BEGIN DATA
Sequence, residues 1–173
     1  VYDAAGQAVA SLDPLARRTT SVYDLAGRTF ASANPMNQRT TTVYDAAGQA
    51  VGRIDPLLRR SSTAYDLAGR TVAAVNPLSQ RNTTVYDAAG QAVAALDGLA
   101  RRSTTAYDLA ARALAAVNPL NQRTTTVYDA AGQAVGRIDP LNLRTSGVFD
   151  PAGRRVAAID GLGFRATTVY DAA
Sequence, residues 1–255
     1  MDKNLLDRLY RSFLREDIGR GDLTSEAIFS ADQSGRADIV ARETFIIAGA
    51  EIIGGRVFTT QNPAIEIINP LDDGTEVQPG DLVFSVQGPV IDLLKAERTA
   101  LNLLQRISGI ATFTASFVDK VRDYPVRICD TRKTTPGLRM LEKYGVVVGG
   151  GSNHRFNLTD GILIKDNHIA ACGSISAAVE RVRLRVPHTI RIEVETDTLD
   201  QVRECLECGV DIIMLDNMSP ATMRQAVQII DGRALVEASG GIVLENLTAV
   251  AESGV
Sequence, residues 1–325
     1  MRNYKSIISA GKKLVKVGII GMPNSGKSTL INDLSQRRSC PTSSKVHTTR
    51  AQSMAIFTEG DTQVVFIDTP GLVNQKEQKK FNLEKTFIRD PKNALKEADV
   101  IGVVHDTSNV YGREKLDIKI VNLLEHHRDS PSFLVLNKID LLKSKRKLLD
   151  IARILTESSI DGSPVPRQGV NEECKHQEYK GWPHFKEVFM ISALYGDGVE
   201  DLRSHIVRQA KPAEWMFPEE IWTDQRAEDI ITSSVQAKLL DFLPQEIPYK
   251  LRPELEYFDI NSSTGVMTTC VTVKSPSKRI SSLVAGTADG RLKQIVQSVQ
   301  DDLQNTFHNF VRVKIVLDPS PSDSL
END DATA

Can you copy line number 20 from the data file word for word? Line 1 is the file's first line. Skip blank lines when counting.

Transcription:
   301  DDLQNTFHNF VRVKIVLDPS PSDSL